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Physiol Genomics. 2014 Oct 1;46(19):735-45. doi: 10.1152/physiolgenomics.00036.2014. Epub 2014 Aug 5.

Expression of microRNAs and their target genes and pathways associated with ovarian follicle development in cattle.

Author information

1
Institute of Animal Breeding, Wrocław University of Environmental and Life Sciences, Wrocław, Poland; anna.zielak@up.wroc.pl.
2
School of Agriculture and Food Science, University College Dublin, Belfield, Dublin, Ireland;
3
Department of Physiological Sciences, Warsaw University of Life Sciences, Warsaw, Poland; and.
4
Department of Reproduction and Clinic of Farm Animals, Wrocław University of Environmental and Life Sciences, Wrocław, Poland.
5
Institute of Animal Breeding, Wrocław University of Environmental and Life Sciences, Wrocław, Poland;

Abstract

Development of ovarian follicles is controlled at the molecular level by several gene products whose precise expression leads to regression or ovulation of follicles. MicroRNAs (miRNAs) are small noncoding RNAs that regulate gene expression through sequence-specific base pairing with target messenger RNAs (mRNAs) causing translation repression or mRNA degradation. The aim of this study was to identify miRNAs expressed in theca and/or granulosa layers and their putative target genes/pathways that are involved in bovine ovarian follicle development. By using miRCURY microarray (Exiqon) we identified 14 and 49 differentially expressed miRNAs (P < 0.01) between dominant and subordinate follicles in theca and granulosa cells, respectively. The expression levels of four selected miRNAs were confirmed by qRT-PCR. To identify target prediction and pathways of differentially expressed miRNAs we used Union of Genes option in DIANA miRPath v.2.0 software. The predicted targets for these miRNAs were enriched for pathways involving oocyte meiosis, Wnt, TGF-beta, ErbB, insulin, P13K-Akt, and MAPK signaling pathways. This study identified differentially expressed miRNAs in the theca and granulosa cells of dominant and subordinate follicles and implicates them in having important roles in regulating known molecular pathways that determine the fate of ovarian follicle development.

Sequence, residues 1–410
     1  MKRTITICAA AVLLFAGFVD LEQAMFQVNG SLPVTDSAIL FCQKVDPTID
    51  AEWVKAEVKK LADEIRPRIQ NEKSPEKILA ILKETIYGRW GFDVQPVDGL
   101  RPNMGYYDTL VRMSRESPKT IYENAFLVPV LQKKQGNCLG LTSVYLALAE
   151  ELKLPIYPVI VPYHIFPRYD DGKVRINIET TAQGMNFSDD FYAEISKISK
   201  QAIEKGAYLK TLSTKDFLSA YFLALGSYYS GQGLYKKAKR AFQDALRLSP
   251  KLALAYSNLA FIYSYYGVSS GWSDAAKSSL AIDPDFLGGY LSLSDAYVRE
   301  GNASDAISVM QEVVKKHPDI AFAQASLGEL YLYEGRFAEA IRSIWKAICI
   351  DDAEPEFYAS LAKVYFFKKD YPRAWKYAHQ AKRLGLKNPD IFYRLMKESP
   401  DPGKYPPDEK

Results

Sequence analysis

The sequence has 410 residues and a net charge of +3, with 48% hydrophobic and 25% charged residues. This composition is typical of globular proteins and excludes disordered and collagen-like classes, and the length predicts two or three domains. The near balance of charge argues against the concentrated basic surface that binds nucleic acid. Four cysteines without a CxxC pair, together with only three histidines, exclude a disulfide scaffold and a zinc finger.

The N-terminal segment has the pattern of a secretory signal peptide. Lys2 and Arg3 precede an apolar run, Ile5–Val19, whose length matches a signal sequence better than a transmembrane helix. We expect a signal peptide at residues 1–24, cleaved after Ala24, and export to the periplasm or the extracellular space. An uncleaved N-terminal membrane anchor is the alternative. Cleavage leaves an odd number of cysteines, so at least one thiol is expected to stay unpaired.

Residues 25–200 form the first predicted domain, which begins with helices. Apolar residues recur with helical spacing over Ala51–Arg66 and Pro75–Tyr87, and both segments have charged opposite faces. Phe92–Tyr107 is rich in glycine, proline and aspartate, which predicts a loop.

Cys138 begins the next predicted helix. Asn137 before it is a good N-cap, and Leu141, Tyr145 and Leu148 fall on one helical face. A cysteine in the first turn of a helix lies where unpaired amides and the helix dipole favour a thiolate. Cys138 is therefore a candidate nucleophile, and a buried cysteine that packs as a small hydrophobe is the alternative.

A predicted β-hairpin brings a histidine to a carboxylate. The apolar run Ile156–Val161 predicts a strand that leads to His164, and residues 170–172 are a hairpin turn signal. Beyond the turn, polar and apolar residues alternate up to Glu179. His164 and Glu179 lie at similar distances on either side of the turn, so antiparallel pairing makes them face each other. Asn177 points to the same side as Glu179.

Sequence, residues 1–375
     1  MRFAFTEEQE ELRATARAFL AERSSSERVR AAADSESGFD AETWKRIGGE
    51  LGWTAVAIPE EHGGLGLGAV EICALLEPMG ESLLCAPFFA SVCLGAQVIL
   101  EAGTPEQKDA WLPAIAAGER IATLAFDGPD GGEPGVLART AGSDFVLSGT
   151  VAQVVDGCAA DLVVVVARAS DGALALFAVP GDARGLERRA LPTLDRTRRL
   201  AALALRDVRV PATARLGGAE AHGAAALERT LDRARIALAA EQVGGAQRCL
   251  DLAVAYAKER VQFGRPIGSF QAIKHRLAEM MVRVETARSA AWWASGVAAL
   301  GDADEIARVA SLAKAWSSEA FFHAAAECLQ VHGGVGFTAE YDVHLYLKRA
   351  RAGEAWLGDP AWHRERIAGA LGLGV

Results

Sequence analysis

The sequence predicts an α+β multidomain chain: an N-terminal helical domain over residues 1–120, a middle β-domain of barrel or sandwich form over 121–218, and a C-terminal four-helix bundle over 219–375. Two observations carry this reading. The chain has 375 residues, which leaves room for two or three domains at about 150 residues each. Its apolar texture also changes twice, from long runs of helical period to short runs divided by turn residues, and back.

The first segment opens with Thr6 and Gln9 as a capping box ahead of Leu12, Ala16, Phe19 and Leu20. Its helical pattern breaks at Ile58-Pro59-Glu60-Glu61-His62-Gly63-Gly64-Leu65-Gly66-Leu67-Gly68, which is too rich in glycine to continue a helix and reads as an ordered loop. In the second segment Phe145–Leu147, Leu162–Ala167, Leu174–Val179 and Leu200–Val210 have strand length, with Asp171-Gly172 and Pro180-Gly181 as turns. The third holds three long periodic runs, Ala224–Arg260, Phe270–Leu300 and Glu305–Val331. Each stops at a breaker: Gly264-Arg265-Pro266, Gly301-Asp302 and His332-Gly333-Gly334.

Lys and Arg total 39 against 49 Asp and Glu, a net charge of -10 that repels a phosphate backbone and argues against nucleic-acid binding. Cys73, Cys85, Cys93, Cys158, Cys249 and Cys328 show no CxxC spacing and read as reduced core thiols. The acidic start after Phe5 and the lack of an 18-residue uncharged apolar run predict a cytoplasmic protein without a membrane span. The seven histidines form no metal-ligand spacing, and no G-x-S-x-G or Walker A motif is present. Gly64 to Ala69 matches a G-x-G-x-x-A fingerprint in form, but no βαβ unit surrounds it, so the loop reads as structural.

KEYWORDS:

microRNA; ovarian follicles; signaling; targets

[Indexed for MEDLINE]

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